China has warned the European Union that any human rights sanctions on Beijing would be “confrontational”.
The EU is set to debate sanctions on four Chinese officials and one entity over alleged human rights abuses against China’s Uighur Muslim minority in Xinjiang, according to diplomats.
Travel bans and asset freezes are set to be introduced by the bloc on March 22.
But China’s ambassador to the EU, Zhang Ming, has condemned the idea of sanctions during an online discussion organised by the European Policy Centre in Brussels.
“Sanctions based on lies could be interpreted as a deliberate attack on China’s security and development,” said Ming.
“It is the responsibility of the Chinese government to protect the security and welfare of the people in China.”
“We want, we need, we want dialogue, not confrontation,” the diplomat added.
The measures will be submitted to EU foreign ministers for approval next week when they meet to prepare for the EU summit on 25-26 March to decide the bloc’s strategy towards China.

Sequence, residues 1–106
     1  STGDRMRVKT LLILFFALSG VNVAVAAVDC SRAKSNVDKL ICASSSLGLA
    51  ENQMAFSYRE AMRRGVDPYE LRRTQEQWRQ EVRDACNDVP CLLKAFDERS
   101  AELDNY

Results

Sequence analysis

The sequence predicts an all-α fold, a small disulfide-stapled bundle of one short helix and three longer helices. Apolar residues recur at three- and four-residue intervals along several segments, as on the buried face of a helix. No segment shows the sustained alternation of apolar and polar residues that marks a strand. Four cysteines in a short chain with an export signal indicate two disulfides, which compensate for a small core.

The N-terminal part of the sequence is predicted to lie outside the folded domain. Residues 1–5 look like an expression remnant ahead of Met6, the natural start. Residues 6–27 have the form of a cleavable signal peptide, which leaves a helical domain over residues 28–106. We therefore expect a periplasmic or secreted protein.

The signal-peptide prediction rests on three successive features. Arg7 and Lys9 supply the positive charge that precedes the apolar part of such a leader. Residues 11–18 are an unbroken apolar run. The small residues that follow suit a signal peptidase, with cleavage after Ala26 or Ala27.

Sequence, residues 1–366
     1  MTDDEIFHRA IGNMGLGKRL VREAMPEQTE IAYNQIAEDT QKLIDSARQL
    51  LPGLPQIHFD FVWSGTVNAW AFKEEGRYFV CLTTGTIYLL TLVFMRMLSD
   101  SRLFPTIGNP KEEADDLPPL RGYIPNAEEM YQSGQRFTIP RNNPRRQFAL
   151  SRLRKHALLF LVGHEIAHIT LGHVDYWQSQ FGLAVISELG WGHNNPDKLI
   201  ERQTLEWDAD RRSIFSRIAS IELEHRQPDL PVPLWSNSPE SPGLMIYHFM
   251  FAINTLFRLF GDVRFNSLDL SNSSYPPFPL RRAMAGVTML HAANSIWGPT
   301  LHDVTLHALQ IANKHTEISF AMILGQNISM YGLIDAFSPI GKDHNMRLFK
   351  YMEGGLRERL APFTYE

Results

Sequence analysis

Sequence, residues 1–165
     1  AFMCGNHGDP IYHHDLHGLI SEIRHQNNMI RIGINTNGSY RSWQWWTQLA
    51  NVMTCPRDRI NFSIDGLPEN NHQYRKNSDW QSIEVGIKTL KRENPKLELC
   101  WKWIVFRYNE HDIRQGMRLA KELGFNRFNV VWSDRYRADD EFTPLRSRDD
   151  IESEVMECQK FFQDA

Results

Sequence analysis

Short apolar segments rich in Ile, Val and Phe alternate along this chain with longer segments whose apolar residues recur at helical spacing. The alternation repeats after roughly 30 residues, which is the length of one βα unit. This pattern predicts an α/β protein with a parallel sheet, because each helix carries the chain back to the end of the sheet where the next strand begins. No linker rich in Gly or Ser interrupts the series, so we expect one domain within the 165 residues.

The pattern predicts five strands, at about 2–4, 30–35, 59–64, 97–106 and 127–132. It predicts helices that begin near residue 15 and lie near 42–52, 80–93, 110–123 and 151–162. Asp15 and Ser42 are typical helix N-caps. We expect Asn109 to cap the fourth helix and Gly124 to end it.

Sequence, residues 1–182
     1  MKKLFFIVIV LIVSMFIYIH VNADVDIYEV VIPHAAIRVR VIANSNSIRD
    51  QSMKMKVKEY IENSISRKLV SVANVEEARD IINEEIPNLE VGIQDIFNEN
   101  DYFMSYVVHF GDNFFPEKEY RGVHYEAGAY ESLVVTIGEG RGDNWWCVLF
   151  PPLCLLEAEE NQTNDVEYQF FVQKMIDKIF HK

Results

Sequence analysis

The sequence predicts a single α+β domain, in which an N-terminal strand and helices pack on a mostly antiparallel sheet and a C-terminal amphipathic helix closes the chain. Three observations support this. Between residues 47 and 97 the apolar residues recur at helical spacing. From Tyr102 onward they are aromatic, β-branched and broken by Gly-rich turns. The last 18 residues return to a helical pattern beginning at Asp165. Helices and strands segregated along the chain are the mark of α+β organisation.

Sanctions must be unanimously approved before they can be adopted.
The EU is also preparing new measures in April to denounce Beijing’s violation of the “one country, two systems” principle with the adoption of a reform of the electoral system in Hong Kong.
The reforms allow Hong Kong’s government to veto opposition candidates campaigning for democracy in the legislative elections.
“We ask the European side to think twice,” said Ming on Tuesday.
“If some people insist on confrontation, we will not back down, because we have no choice but to assume our responsibilities towards the people of our country.”
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